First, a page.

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Is the Deepfake phenomenon your number one cyber risk?

19 February 2020

What is a deepfake? Deepfake is a linguistic blend of “deep learning” and “fake” and is described as a synthetic medium in which a person in an existing image or video is replaced with someone else’s likeness. There are three main elements to creating deepfakes – large datasets, machine learning and computing power plus one key element to circulate – internet platforms.

The American biologist, Paul R. Ehrlich said it best “To err is human, but to really foul things up you need a computer”.

Popular examples of deepfakes.

The earliest examples of deepfakes involved pornography and quickly moved to include revenge porn, unfortunately becoming one of the latest methods of image based sexual abuse. Mainstream movie productions have used a version of deepfake technology for many years by either inserting one actor’s face for another, replacing an older actor’s face with their younger image or even creating a completely new digital actor.

FaceApp is an example of an entertainment type deepfake application available for Android and iOS. These apps use AI based neural networks to create realistic transformations and can make someone look older or younger, change facial expressions and change gender.

A voice deepfake was used in 2019 to scam the CEO of a UK based energy company. He thought he was on the phone with the German parent company chief executive and followed instructions to transfer $243 000 to a Hungarian supplier. The money vanished and the perpetrator has never been caught.

Click here to view manipulated YouTube footage of Bill Hader, a comedian with a remarkable ability for celebrity impressions, impersonating Al Pacino and Arnold Schwarzenegger. The seamless transition of faces is quite scary.

Not all deepfakes are created with malicious intent and most circulated deepfakes are created as parodies, but as with most things we enjoy they do often become tainted and eventually curtailed in the interests of privacy violations. Many websites such as Twitter, Google and Facebook have now either banned or limited accounts for posting deepfake content.

What are the risks and how to respond?

We have already seen the effect of deepfakes at a country level especially with regard to politics. Relatively easy targets are politicians such as Donald Trump, Nancy Pelosi and a bit closer to home the Gabonese president, Ali Bongo (with the strange and possible deepfake video released by his government). Disinformation has always been a political risk and fake news has long been used to manipulate elections – now deepfakes are the next wave. National security and political stability are high level risks – even more so for developing countries with a fragile political environment.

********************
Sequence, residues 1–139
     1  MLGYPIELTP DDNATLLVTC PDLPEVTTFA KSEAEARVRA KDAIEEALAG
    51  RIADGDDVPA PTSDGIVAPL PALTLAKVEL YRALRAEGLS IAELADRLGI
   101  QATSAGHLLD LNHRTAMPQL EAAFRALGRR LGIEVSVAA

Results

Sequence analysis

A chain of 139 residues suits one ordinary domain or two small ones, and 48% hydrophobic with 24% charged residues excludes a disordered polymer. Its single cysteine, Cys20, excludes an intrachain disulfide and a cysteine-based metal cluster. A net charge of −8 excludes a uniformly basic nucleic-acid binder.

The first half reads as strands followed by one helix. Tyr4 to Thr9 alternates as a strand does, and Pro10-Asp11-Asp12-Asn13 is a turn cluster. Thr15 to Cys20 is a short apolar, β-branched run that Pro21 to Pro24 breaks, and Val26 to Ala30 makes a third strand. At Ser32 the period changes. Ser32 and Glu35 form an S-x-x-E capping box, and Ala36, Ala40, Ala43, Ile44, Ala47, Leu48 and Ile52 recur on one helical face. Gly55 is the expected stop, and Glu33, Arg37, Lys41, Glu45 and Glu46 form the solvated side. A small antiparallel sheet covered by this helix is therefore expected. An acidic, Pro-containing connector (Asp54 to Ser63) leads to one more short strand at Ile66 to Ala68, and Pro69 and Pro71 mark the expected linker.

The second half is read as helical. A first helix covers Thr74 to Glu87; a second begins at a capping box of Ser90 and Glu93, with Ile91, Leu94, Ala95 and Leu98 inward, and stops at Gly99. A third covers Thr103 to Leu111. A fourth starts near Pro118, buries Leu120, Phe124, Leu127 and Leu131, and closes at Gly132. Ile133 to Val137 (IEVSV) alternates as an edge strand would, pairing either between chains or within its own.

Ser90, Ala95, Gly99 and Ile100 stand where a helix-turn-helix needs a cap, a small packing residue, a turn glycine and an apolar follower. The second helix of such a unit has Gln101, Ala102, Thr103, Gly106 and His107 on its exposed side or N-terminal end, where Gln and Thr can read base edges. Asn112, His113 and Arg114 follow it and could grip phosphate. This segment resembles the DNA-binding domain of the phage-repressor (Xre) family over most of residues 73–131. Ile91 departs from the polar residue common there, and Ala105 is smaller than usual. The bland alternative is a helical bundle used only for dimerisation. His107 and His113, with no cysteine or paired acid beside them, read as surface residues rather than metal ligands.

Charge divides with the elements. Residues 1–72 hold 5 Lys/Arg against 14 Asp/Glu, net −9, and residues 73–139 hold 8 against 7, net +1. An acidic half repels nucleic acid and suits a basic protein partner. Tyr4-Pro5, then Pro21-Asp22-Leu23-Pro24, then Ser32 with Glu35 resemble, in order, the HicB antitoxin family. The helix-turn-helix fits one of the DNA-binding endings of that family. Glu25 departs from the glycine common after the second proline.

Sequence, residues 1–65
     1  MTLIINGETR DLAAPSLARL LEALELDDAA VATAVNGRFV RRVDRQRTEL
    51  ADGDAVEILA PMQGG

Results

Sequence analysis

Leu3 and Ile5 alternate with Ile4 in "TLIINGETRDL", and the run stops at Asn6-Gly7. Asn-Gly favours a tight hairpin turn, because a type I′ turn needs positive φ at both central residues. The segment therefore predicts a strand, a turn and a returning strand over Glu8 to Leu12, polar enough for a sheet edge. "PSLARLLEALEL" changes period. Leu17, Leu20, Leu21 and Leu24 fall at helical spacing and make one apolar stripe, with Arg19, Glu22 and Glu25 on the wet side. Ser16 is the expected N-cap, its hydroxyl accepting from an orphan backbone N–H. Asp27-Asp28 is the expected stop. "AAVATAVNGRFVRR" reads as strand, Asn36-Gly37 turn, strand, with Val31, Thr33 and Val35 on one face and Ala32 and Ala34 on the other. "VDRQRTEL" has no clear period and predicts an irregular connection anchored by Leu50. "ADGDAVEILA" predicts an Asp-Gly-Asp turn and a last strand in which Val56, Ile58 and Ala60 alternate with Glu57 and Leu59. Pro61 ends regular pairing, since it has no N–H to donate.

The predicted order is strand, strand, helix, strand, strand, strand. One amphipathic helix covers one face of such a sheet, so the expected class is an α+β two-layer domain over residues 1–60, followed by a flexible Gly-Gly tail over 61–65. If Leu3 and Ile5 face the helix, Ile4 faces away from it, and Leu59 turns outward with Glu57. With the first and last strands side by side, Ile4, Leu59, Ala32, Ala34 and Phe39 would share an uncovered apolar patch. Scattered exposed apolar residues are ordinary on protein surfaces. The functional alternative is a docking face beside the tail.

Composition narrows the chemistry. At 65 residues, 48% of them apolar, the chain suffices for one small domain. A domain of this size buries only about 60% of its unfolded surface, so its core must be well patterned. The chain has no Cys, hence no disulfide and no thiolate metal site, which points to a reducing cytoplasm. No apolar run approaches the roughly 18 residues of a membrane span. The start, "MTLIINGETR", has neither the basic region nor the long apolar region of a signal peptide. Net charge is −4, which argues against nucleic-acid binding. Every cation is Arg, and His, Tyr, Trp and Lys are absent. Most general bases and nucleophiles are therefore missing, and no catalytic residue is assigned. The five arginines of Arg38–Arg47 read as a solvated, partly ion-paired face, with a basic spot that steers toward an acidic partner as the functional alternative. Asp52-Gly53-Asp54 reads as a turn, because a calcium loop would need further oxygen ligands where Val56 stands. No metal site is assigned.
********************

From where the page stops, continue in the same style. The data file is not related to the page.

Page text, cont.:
At a company or organisation level you do not only need to worry about the more obvious reputational risk e.g. a CEO could falsely announce bad news about the company with disastrous effects on market image and share prices. Organisations now need to worry about fake communications to employees aimed at obtaining login details thus exposing the corporate network. Employee education is a key element in being able to identify a deepfake as early as possible. The sooner the deepfake is detected the sooner the company’s PR team can counter with the correct information and control the narrative.

At a personal level never assume that seeing is believing. Always check who is posting the video and what their intention is, then most importantly do a bit of research. People are quite careless about what they share on social media so do try to find some related information and make an informed decision before believing it or forwarding it.

Whereto from here?

Technology is being developed to spot deepfakes before they become too hard to distinguish from the real thing, but I wouldn’t hold my breath if I were you as it appears to be a losing battle. To know how to spot a deepfake you need to know how to create a deepfake which presents a new risk in itself. For years we have had computer software allowing us to manipulate photos and videos and now with self-learning artificial intelligence systems the speed of analyzing data has increased the output capability substantially.

Digital literacy needs to play a more important role. The paradox is that while we should not believe everything we see or hear we do need to use technology to corroborate information and research responsibly. A balance of both healthy distrust and curiosity is needed.

Benjamin Franklin said “It is the first responsibility of every citizen to question authority”. In the age of deepfakes I think we can lose the last word of that quote.

Author – Warrick Asher

Acknowledgements:
Wikipedia
Forbes.com
YouTube

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